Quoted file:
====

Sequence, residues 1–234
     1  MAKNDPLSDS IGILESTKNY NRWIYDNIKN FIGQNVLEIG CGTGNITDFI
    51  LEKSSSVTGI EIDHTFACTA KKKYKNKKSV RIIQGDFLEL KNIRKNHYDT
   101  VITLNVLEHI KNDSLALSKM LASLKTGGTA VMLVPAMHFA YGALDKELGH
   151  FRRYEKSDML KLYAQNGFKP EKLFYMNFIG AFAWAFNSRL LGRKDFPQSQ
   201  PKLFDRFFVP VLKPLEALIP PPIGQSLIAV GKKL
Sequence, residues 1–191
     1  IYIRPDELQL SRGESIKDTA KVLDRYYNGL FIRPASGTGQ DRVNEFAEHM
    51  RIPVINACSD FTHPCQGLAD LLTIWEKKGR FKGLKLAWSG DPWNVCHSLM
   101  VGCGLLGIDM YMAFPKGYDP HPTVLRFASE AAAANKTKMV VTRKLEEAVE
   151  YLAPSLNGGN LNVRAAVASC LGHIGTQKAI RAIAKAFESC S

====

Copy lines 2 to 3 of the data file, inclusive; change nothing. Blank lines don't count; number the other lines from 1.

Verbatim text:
     1  MAKNDPLSDS IGILESTKNY NRWIYDNIKN FIGQNVLEIG CGTGNITDFI
    51  LEKSSSVTGI EIDHTFACTA KKKYKNKKSV RIIQGDFLEL KNIRKNHYDT